Odate City is in the northernmost part of Akita Prefecture. The city offers visitors the chance to learn more about unique traditional crafts such as magewappa (bent woodware.) You can also get to know the famous Akita dog breed, savor local produce, and experience the warmth of the people who operate the area's facilities.

Magewappa: a unique Japanese craft with strong Odate connections

A magewappa bento box

The craft of magewappa (bent woodware) has a 400-year-long history in Odate. Originally, local woodcutters and artisans used the cedar trees that surround the area to create beautiful and functional items such as trays, lunch boxes, and wooden containers for cooked rice, and the craft still survives today.

Shaping strips of boiled cedarwood

To create magewappa items, craftsmen boil thin strips of straight-grained cedar until they're pliable, then fashion the pieces into different shapes. A bottom and a wood finish are added, and the item is polished. This is, of course, a simplified explanation of an intricate craft that has been passed down through generations. Presently, around eight Odate companies specialize in magewappa.

Tradition, food, and community at the Wappa Building

The Wappa Building in Odate City, Akita Prefecture

If you're interested in magewappa, then the Wappa Building—300 meters south of the JR Odate Station—should top your list of places to visit. True to its name, the building's exterior and interior are inspired by magewappa itself, using white as a base to emphasize the rich colors of the cedar. Inside the building, a craft shop, Shibata Yoshinobu Shoten, sells magewappa pieces; S.witch cafe serves delicious tea, coffee, and assorted desserts; and Maruwwa rents out office space. These facilities respectively embody the building's three concepts of "tradition," "food," and "community."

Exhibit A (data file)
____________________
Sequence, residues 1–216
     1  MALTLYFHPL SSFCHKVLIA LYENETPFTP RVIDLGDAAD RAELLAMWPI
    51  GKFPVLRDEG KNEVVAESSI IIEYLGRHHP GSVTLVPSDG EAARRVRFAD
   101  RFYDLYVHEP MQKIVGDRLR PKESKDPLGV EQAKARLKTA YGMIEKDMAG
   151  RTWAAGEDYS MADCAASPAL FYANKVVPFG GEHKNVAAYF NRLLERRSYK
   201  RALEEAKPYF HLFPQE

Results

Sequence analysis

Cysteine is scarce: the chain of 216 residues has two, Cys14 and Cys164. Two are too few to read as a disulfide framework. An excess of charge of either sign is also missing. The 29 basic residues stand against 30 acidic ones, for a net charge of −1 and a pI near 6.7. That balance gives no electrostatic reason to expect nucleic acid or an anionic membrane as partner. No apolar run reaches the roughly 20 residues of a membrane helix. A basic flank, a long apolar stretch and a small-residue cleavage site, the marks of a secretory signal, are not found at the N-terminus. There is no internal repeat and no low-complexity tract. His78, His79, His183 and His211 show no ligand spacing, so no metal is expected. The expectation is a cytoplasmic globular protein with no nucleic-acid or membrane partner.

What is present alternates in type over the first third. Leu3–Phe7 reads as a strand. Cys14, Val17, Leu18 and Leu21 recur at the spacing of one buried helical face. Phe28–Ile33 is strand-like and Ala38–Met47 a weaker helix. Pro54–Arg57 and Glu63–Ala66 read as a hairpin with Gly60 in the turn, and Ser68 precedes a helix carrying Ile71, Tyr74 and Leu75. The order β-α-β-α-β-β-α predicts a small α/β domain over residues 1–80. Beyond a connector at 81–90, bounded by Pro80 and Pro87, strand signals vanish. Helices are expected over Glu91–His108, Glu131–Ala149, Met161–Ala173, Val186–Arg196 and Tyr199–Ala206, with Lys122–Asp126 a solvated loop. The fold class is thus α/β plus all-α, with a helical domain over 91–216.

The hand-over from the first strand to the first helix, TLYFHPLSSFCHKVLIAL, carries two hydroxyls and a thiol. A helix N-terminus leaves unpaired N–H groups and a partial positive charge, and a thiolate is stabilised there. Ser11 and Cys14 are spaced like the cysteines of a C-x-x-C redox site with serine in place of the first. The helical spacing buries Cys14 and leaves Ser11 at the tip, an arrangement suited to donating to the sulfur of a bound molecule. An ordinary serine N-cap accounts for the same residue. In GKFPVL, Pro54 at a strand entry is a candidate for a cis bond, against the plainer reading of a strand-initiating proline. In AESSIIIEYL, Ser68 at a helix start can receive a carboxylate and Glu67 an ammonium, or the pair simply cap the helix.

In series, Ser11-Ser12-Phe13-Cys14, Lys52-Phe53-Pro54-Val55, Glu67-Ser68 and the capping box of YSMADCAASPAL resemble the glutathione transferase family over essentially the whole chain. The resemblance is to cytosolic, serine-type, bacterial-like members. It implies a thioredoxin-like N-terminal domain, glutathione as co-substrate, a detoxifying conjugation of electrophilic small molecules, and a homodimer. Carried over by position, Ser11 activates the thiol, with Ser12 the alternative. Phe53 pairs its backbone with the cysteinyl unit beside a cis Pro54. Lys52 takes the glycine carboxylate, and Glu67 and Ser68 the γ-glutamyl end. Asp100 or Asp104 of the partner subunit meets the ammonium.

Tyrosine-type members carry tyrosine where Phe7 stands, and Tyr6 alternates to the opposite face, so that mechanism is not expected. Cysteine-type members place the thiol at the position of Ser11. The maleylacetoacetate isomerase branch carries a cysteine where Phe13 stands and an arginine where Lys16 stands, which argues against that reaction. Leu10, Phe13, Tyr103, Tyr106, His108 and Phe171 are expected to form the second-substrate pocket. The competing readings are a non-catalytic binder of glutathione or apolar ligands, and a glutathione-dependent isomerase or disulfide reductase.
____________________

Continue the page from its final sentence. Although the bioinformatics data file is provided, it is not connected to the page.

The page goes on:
Shibata Yoshinobu Shoten's shopfront sign

To create your very own bento box, head to Shibata Yoshinobu Shoten (the first shop on the left when approaching from the train station). Upon entering, you'll see myriad magewappa pieces that include bento boxes, trays, cups, and other items. The shop has a light and airy interior and exudes a refreshing cedar fragrance.

An array of magewappa items

Shibata Yoshinobu Shoten is operated by the second-generation owner, Yoshimasa Shibata, who uses his years of experience to teach visitors the secrets of magewappa.

Create your own magewappa pieces

Choose to make either a round bento box or a small plate

Choose to make either a round-shaped bento box (6,050 yen) or a small plate (3,850 yen—prices include both the lesson and the item itself). The whole experience lasts between 90 and 120 minutes, depending on how many people take the class. Lessons take place at comfortable tables and each seat has the tools and materials necessary for you…

See More >>

Leave a Reply

Your email address will not be published. Required fields are marked *